Imagine for a moment that you've just graduated high school and that your brother gifts you an already-modded Integra. It's got Racing Hart rims, it introduces you to Southern California's street racing scene, and life is good.
Human nature means that moving on to a more extensively altered del Sol fitted with the sort of Japanese parts the Internet dreams about almost happens on its own. It's got Mugen rims, it reinforces your sensibilities as a Honda devotee, and life is still good.
And then you go and buy a '72 Mercedes, just like Jimmy Uria. There isn't anything you can inhale that'll make you think transitioning from a Civic-based, open-top Honda to a 40-year-old European sedan will ever make sense. That's the sort of predilection you can only be born with and is exactly what's directed Uria toward cars like a '64 Cadillac on bags and, ultimately, that bell-bottoms-era 280SE.
"I've always enjoyed classic cars, especially being from L.A.," Uria says. "You're always seeing all sorts of classics modified in so many different ways." Post-del Sol, the Southland's influence soon led to the Caddy, then to a North American-spec 280SE that you don't know about, and finally to the right-hand-drive, European version of the Mercedes that Uria's molded into his own perfect union of Stuttgart-meets-Los-Angeles.
Before '10, Uria didn't know squat about classic Mercedes. And unearthing rarified accessories and engine parts exclusive to the Euro-only V-8 that Uria's 280SE has is enduring. Both of which are why this Benz remains happily uncomplicated. Here, modifications are few but direct, like the Universal Air suspension that gives him authority over ride height, the factory hubcaps that've been triple-chrome-plated, and the original hued paint that's been resprayed but with a glass-like finish '72 never thought possible.
Know Uria's del Sol and you'll know his self-admitted obsessive-compulsive tendencies. The sort of tendencies that lead to a vintage Mercedes being nearly completed and then ripped apart in preparation for an impromptu paint job. The teardown and overhaul meant refinishing everything that was either polished or chromed just got a whole lot easier but also led to the sort of guilt that only driving a fully restored, overseas classic can result in. "I drive this car as much as I can, but it's definitely not a daily driver, nor would I want it to be," Uria says. "It's rare, so I'm careful with it."
He has to be. The 3.5L V-8 found underneath the 280SE's monstrosity of a hood is native only to Europe, which means if it fails on Uria like his previous 280SE's six-cylinder did, its time-out for the project altogether. "I want to keep the original 3.5L engine in it for as long as I can," he says about the 200hp, cast-iron-block mill that, in '72, was good enough to scoot the 280SE to around 130 mph. Uria's going nowhere near that fast on those BFGoodrich whitewalls but has done his best to maintain the 90-degree, eight-cylinder powertrain as if he were to do that every day.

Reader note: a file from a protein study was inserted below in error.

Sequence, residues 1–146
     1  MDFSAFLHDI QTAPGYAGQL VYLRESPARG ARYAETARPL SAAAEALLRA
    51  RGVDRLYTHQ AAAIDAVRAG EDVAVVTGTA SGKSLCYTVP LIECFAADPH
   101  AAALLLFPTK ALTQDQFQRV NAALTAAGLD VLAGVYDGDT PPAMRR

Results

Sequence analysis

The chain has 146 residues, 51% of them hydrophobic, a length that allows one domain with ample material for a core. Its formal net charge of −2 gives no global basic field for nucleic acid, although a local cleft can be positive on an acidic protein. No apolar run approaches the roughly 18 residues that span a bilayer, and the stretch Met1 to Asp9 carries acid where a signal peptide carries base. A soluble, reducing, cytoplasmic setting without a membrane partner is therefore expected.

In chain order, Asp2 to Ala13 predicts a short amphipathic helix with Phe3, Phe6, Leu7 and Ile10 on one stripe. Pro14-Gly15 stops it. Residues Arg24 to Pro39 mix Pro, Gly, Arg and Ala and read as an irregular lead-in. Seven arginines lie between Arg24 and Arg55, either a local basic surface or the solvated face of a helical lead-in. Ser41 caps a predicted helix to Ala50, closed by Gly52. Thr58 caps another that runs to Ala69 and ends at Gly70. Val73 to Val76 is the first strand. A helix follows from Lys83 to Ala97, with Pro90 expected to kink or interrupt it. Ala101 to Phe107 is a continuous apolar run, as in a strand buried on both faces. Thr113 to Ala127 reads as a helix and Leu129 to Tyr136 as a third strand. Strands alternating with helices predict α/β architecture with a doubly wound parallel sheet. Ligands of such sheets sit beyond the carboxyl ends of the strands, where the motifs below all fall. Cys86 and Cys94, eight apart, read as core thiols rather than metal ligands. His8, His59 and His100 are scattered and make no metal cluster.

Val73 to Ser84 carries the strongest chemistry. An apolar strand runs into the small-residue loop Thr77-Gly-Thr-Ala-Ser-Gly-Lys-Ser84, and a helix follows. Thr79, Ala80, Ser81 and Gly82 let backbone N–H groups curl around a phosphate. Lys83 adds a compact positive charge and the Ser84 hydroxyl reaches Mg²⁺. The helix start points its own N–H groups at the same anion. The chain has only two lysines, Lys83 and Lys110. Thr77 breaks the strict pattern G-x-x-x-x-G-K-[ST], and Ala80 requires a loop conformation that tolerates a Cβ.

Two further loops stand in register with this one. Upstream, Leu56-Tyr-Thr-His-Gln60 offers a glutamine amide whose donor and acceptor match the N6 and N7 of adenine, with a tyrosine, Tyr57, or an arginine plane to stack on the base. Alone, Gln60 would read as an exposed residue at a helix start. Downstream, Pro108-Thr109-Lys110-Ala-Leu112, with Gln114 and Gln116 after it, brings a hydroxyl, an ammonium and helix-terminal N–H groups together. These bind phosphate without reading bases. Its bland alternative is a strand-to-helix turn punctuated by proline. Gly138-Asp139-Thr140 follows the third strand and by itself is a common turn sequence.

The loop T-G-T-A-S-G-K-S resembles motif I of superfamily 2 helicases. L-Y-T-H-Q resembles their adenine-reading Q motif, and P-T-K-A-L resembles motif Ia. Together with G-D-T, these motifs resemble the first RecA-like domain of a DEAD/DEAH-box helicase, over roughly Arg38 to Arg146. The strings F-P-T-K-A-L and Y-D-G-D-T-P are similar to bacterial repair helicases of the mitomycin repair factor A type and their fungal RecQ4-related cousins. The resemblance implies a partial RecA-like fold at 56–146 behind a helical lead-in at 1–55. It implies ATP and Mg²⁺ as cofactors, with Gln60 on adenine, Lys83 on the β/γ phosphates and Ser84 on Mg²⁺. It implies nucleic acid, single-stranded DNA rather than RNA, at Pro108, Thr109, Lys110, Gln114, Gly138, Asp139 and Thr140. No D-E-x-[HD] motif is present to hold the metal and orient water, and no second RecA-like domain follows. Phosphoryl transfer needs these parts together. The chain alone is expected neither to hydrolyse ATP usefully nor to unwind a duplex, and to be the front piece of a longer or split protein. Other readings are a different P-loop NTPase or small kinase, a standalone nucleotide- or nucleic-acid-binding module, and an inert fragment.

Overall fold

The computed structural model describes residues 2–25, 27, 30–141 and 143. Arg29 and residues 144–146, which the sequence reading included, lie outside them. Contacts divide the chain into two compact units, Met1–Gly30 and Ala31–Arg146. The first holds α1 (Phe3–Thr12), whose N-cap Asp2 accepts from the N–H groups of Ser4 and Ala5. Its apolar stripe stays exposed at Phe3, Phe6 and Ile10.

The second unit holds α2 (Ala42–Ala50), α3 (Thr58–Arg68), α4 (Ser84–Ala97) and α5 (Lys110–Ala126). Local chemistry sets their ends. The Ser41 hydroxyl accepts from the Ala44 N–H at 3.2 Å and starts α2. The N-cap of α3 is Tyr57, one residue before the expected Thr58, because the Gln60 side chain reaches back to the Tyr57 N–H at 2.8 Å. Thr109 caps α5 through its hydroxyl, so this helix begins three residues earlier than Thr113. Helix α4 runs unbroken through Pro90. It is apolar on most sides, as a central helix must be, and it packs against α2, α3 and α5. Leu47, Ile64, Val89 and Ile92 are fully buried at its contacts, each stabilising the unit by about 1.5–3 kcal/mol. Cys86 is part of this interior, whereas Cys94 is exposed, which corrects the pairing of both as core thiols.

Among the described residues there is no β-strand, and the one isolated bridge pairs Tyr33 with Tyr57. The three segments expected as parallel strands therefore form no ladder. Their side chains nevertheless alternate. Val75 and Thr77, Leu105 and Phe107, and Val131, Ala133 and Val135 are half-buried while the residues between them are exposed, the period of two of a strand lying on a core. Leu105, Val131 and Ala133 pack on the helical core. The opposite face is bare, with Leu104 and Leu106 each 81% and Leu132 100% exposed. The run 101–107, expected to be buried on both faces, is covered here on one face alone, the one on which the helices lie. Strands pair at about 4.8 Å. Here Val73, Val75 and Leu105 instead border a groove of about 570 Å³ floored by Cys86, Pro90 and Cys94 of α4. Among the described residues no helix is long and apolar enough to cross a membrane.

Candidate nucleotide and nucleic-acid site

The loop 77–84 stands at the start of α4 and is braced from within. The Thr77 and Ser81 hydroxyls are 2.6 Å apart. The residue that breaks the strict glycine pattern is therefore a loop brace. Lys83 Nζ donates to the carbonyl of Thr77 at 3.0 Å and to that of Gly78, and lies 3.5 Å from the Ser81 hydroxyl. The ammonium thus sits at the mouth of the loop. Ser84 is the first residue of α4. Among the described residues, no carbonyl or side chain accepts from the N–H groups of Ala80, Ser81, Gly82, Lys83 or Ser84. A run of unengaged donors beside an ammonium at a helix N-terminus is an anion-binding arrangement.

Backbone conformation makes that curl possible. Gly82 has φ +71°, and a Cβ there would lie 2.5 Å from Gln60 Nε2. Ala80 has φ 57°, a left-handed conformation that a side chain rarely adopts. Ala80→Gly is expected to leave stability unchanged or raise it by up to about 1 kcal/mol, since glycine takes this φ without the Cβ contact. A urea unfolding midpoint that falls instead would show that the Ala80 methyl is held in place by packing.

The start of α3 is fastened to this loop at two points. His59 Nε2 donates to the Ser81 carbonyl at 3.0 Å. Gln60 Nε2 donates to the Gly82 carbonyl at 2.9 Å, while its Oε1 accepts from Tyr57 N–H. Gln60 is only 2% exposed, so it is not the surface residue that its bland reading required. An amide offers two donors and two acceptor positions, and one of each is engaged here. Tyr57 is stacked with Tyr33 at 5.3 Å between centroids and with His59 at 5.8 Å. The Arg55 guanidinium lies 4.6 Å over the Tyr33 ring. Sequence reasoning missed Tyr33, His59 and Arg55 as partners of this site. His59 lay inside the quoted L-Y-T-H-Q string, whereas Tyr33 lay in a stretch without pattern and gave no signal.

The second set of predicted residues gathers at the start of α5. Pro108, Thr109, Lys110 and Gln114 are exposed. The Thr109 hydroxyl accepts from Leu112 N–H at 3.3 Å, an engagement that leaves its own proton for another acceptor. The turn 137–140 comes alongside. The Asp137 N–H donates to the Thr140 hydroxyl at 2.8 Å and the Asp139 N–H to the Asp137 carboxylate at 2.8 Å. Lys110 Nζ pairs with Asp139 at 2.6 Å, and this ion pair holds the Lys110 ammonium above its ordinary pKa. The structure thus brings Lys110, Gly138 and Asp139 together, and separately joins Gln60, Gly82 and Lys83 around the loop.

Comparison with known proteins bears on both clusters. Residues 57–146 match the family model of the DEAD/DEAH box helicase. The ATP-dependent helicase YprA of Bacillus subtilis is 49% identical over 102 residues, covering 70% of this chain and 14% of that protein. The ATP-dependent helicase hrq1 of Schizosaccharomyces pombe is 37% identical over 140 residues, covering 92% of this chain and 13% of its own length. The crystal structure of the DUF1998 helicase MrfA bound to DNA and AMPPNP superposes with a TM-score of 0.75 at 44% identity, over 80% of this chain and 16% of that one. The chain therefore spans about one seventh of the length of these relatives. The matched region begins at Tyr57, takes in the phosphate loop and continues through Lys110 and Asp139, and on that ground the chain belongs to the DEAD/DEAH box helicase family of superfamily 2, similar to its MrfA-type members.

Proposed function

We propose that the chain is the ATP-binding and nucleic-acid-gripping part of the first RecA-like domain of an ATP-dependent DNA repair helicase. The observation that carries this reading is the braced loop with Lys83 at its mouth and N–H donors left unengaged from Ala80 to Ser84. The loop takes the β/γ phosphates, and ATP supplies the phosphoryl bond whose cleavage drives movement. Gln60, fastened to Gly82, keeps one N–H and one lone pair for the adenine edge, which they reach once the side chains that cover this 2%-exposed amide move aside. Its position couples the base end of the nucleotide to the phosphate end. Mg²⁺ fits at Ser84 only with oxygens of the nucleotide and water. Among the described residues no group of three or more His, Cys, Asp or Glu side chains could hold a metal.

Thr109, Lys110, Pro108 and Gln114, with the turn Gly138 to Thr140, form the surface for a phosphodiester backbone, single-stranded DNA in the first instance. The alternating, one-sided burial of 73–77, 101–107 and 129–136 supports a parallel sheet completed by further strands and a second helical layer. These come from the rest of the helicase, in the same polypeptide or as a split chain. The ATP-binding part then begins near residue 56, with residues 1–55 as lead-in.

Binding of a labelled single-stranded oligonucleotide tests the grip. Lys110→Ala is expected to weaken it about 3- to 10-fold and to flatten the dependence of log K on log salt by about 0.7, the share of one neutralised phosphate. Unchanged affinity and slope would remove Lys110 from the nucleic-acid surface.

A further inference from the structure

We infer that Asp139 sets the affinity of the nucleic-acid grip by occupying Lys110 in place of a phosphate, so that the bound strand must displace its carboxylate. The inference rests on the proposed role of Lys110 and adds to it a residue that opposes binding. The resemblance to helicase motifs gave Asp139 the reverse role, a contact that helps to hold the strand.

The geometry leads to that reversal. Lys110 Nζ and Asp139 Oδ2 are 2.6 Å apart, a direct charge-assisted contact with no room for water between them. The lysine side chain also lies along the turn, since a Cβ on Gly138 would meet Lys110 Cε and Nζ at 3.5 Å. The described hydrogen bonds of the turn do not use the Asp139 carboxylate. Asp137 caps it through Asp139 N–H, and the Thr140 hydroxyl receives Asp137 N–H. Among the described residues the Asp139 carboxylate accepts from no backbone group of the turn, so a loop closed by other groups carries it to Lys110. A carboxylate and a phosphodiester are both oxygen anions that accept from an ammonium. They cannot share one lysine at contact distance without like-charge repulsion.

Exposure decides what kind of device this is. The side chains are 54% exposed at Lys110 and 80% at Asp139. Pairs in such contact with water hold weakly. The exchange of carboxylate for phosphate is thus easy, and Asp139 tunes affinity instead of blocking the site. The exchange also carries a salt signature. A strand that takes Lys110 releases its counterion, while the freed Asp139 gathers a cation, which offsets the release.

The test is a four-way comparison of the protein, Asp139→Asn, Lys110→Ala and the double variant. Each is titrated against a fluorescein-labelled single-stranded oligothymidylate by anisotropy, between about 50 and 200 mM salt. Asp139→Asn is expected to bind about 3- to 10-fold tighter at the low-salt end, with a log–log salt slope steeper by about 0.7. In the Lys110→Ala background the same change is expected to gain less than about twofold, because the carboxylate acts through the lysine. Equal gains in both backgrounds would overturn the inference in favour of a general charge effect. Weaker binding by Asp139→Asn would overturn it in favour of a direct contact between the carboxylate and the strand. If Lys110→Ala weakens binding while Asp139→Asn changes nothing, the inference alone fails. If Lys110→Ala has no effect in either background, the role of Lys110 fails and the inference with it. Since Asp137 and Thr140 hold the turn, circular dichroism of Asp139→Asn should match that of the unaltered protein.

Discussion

Care for a decades-old classic any other way and you can bet on failure. And here, failure will cost you. "Certain [replacement] parts for the engine mount differently," Uria says about the European-only V-8, "so I can't purchase them easily, and parts overseas can be expensive, not to mention [have high] shipping costs, especially if the parts are heavy."
Getting the accessories that make Uria's Benz special, like the North American-spec instrument cluster and French taillights was just as bad. "Not many cars have them," is the first thing he says you've got to understand about some of these '70s-era add-ons, "and asking people if they're willing to sell a part off of their perfectly functioning car isn't easy." As it turns out, it's as awkward as you think rolling up to the convalescent center, asking random golden-agers if they're down to part with that rearview mirror or window crank.
Uria never planned on owning this particular piece of Mercedes-Benz history-at least not an overseas-only, right-hand-drive version anyways. Had the straight-six of his initial 280SE that he'd only gotten three months out of held together, he'd have no reason to have been browsing those classifieds and stumble across the sedan he'd later build up. "It needed a lot of work," he says was his initial thought, "but I ended up buying it. The colors of the exterior and interior, and the engine size are all so rare; I had to have it."
Uncommon buildups are nothing new to Uria. Honda's CRX-replacing del Sol isn't the first car Hondaphiles line up for, and nobody ever owned two 280SEs on purpose. "I've always liked different or uncommon cars," he says, "taking them and creating something I've envisioned." Which is exactly what Uria's done and, if you ask him, it's just about finished, and the transition from Japanese sub-compact to classically dignified luxury car has never made more sense.
Jimmy's Other Half
Before cruisin' down Crenshaw Boulevard in his Benz, Jimmy built this del Sol, which he still owns today. It features a mix of JDM and EDM parts along with a legit Mugen body kit, staggered TE37 wheels, Spoon brakes, Bride seats, and a custom rollcage.